Join Dr. Charles Peterson for Lecture/Q&A
Wednesday, September 25th
5300 Tallman Ave NW
Seattle, WA 98107
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Charlie Peterson, MD Dr. Peterson is a board-certified orthopedic surgeon whom completed his medical degree from the University of Washington School of Medicine, where he graduated magna cum laude and was involved in several research projects in the orthopedic and internal medicine fields. While there, he was inducted into Alpha Omega Alpha, a prestigious medical school honor society. Dr. Peterson went on to complete orthopedic residency training at the Mayo Clinic, widely regarded as one of the premier orthopedic institutions in the world.
Wednesday, September 25th
5300 Tallman Ave NW
Seattle, WA 98107
Several prominent figures for this year’s World Cup event have been lost to injuries. The list includes:
Leg fractures to rolled ankles have plagued this year’s field of players throughout the world. It’s not unusual for injuries to strike before the World Cup, due in part to the increasing demand on players during the club season and the brief turnaround before reporting to national team duty ahead of the sport’s premier competition.
Sepp Blatter, president of FIFA, which puts on the World Cup, blamed “too long a [club] season and always the same players [from the elite clubs] are always in the same competitions. Now they are tired.”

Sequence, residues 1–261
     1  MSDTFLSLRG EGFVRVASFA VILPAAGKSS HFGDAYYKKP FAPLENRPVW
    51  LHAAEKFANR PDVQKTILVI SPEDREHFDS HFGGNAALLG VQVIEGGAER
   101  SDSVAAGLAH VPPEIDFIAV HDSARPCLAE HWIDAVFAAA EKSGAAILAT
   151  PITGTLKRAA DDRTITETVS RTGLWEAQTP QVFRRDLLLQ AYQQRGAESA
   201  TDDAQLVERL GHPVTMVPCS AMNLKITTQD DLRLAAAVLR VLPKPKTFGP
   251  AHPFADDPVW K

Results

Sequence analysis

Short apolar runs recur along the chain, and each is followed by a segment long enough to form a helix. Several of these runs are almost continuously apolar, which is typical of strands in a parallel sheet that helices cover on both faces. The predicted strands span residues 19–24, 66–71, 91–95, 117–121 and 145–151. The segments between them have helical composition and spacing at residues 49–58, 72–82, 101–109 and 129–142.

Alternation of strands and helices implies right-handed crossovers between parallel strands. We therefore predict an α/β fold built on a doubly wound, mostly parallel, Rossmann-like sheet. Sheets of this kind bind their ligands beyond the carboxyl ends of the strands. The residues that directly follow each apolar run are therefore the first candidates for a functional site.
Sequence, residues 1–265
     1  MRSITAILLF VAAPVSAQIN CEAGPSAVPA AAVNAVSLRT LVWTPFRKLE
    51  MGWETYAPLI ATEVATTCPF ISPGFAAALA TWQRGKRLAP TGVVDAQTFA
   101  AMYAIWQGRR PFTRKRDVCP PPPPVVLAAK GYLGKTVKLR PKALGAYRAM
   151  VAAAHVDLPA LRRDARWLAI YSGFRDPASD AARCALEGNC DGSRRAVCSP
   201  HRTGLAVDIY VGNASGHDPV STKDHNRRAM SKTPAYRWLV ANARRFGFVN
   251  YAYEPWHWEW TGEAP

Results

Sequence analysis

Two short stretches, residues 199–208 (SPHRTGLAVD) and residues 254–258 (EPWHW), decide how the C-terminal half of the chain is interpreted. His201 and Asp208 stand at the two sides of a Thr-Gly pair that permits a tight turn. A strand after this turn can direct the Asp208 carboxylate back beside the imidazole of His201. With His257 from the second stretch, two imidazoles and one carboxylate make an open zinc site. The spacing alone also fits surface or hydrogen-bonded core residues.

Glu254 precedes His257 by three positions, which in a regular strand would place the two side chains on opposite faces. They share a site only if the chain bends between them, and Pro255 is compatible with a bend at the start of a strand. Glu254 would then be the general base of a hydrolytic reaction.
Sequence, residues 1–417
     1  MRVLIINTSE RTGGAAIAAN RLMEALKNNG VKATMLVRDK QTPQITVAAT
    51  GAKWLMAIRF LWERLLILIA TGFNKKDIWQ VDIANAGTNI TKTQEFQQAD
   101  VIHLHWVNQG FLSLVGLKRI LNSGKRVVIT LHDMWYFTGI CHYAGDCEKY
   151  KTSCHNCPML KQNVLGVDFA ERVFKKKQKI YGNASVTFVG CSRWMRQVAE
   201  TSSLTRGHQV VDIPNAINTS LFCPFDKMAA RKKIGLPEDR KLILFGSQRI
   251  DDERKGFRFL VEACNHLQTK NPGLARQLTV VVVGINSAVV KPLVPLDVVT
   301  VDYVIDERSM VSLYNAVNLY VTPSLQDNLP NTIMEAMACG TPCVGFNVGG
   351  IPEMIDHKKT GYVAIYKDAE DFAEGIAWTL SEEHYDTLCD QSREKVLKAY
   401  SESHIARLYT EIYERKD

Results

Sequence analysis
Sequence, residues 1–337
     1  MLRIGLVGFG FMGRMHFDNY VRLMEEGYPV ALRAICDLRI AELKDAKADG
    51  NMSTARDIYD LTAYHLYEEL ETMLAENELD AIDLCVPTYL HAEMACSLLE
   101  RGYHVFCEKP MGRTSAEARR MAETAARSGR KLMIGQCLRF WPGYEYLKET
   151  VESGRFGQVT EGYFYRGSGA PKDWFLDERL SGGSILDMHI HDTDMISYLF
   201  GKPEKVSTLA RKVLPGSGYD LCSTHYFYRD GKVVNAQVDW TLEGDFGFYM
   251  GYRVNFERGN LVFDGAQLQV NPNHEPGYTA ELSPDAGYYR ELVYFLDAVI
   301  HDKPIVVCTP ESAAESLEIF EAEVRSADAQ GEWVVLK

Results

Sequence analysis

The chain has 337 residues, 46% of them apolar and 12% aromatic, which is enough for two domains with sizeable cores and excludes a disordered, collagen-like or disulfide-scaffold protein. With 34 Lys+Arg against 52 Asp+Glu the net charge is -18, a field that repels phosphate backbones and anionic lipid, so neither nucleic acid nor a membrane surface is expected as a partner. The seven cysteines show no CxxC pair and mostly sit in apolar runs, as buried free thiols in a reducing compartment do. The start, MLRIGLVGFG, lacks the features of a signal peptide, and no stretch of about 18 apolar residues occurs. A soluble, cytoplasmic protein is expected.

Fatigue is not responsible for all injuries. Muscular ailments occur at all stages of the season, while missteps and reckless tackles are also to blame. Falcao suffered a knee injury in January.
According to U.S. midfielder, Michael Bradley, “There [are] certain things as players you do to try to prevent injuries, to try to stay fit, but at the end of the day, you step on the field, you play, you leave everything out on the field and unfortunately things happen at times.” He goes on to say, “No player ever wants to see anybody else get hurt and have to miss a big game, a big tournament.”
Common soccer injuries include:
Treatment options to soccer injuries include:
Orthopedic Specialists would like to offer the following tips for preventing soccer injuries:
According to Dr. Peterson, “Two of the challenges the US team will have to face in addition to the “Group of Death” pairings are travel and heat. They will travel over 6000 miles during the preliminaries, and will be playing at least on of their games deep in the Amazon rain forest in the middle of summer! In these situations, it’s very important to work on hydration, proper diet, and sleep. Proper hydration is occurring when one’s urine is fairly clear to clear. Proper diet varies, but usually should include a balance of protein, carbohydrates, and fats. Eat plenty of fruits and vegetables and minimal fried foods and alcohol. Sleep can be tough with airplane travel.